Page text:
The government should also avoid a system in which tuition fees vary by subject, specialist institution or university.

Varying fees by subject with the intention to steer students toward high labour market driven courses has been ineffective when applied in other countries, with demand remaining largely unresponsive to changes in price.

 

Download the full report here
Office for Students


International, Europe and Regions

Education secretary Damian Hinds may be considering removing home fee status and student loan eligibility from EU students for 2021/22. European Union students studying in the country would pay the same fees as other international students from 2021. Universities should, in principle, be able to set their own fees for EU students depending on when and how the UK does finally leave the EU and the terms of any transition period. 

A group of cross-party MPs led by former Universities Minister Jo Johnson MP have tabled an amendment to the Immigration Bill which aims to make the UK a more attractive destination for international students by preventing a cap on student numbers and introducing a two-year post study work visa scheme. UUK have long advocated for this and provided a supportive statement for the amendment announcement in the press release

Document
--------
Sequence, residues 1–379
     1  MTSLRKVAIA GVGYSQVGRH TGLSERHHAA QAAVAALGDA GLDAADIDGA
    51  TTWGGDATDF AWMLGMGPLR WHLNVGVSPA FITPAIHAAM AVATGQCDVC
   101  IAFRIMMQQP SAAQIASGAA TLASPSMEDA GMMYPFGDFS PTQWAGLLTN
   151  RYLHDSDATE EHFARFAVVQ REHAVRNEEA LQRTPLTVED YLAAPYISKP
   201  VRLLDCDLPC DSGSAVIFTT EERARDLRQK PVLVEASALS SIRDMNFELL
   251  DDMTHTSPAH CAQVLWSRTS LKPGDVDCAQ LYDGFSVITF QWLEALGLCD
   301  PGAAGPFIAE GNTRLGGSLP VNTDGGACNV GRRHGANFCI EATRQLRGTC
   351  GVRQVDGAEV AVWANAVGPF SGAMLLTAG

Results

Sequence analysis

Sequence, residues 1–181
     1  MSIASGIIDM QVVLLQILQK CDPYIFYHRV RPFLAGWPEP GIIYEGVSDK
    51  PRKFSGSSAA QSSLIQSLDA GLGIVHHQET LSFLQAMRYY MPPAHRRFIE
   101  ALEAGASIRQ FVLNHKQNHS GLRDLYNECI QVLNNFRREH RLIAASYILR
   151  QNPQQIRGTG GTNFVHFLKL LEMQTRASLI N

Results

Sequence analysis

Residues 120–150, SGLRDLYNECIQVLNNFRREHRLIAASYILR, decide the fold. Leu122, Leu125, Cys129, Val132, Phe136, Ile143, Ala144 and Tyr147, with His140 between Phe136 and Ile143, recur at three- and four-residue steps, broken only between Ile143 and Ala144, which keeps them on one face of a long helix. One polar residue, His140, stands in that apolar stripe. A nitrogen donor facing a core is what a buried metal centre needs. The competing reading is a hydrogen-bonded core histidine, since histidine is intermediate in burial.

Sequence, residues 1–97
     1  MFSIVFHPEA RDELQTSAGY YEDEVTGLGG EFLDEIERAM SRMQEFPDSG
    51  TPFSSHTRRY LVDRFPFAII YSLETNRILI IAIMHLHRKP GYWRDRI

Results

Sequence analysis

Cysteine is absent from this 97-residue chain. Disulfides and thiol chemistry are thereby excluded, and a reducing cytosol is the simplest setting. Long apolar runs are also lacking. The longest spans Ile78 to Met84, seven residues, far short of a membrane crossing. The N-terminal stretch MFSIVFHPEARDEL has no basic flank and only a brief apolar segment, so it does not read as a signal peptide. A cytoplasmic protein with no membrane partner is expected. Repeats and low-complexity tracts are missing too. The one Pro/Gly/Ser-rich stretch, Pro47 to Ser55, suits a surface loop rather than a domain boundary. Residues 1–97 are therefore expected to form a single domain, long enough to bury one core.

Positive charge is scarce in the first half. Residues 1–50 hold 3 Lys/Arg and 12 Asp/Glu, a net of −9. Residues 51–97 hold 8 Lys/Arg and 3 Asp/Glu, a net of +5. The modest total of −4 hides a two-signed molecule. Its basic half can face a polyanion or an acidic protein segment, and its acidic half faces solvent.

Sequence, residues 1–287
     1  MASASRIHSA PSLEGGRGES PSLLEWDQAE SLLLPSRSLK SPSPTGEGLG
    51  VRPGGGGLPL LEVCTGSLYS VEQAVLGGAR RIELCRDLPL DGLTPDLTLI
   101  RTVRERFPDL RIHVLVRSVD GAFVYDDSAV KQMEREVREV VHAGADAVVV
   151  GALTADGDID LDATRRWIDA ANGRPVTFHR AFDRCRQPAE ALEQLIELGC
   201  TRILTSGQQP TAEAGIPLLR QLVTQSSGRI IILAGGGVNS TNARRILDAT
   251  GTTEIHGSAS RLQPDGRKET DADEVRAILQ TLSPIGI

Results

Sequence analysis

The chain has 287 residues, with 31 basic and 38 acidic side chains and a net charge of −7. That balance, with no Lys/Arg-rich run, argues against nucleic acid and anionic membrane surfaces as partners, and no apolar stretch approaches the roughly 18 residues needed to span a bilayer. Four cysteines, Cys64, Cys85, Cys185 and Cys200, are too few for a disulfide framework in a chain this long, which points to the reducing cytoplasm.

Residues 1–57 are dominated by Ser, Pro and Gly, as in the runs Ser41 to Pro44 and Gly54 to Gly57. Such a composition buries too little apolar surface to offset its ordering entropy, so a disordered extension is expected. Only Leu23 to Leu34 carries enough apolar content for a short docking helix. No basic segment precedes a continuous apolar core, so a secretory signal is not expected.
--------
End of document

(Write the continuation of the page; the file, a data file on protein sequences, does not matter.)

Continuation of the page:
Meanwhile the Office for Students published its latest Business Plan setting out the key objectives and outcomes for 2019-20 with more stringent requirements on access and participation, student protection plans and the TEF. Responses to Augar and value for money concerns are mentioned.
 

OFS Year 2 Business Plan can be accessed here

Creative Scotland head highlights lack of funding

Scotland’s spending on culture has fallen by almost 3% in 3 years since 2016, according to figures released by the Scottish National Party.

Acting Chief Executive of Creative Scotland Iain Munro told a Scottish Parliament inquiry into the future of arts funding in the country that it would take more than double the current levels of Government funding to take advantage of Scotland’s creative industry potential. 

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Wales embraces arts in new national curriculum

The Welsh Government has launched a public consultation on the specifics of its new curriculum, which replaces a subject-based approach with six broad “areas of learning and experience”, including expressive arts. 

British Council Celebrating Arts and Culture

Lord Ashton speaking at the opening of the British Pavilion at the 58th Venice Biennale said “we cannot overestimate the power of art and culture to bring people together from different places around the world. Often it is our cultural links which are right at the heart of cooperation between different nations, even when we may disagree in other areas.”

And finally, just 8 days to go before
Israel host the Eurovision Song Contest on Saturday 18 May 2019.